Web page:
26
GEORGE A. HAGEDORN
/
5
E bJxi
Ni(X)
=
0
E
hixi
c2X2 + ^3X3 e
4
X
4
+ 1/5X5
-e
4
X
4
+ i/
5
X
5
c
2
X
2
- id5X3
\
\
c
2
X
2
- Jd
3
X
3
- e
4
X
4
- 1/5X5
e
4
X
4
- 1/5X5 c
2
X
2
+ 1^3X3
-E6^'
- E bix
(2.7)
/
To prove these claims we first note that if we replace ipj(X) by ipj(X), where
^P0 = /C^i(X),
MX) = z3ij3(x) +
Z^MX),
MX) = /c,^3W,
with H 2 + |2:2|
with |^3|2 + k
4
| 2 = 1, and
then N\(X) is transformed into
/ b-X
Ni(X) =
0
0 b-X
c-X-id-X -l-X-i] -X
\e-X-i~f-X c-X + id-X
c-X + id-X e-X + i~f -X\
-e - X H- i / X c-X-id-X
-b-X 0
0
-b-X J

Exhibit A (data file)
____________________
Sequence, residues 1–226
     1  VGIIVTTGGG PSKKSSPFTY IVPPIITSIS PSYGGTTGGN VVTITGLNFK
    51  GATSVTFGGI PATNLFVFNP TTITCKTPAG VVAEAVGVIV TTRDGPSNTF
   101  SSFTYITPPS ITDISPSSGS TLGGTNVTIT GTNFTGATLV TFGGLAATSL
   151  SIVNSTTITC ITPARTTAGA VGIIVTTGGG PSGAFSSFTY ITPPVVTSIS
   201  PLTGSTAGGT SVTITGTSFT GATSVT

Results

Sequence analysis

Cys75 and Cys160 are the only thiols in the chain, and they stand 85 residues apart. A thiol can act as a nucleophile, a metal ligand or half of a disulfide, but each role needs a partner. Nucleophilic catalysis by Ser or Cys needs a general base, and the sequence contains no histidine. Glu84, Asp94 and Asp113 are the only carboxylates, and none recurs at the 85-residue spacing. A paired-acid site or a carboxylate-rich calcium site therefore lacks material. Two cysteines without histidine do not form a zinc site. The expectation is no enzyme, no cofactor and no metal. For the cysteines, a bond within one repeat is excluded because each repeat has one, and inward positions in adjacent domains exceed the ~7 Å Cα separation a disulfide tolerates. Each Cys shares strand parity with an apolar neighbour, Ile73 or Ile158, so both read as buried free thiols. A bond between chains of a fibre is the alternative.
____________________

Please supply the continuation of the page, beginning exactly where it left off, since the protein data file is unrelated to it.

We show below that by making an appropriate choice of the ZJ, we can force c, d, e, and
/ to be mutually orthogonal (and all non-zero in generic situations). Once this is done, we
rotate the X2, X3, X4, and X5 coordinate axes, so that c, 5, e, and / point along the X2,
X3, X4, and X5, respectively. This proves the claims.
Arbitrarily choosing the z^'s is equivalent to arbitrarily choosing two matrices U\ G
677(2) and U2 677(2), so that
(MX)\
=
(MX)\
\fc(x)J
l
W2P0;
and
(h{x)\
\MX))
u
(^x)\
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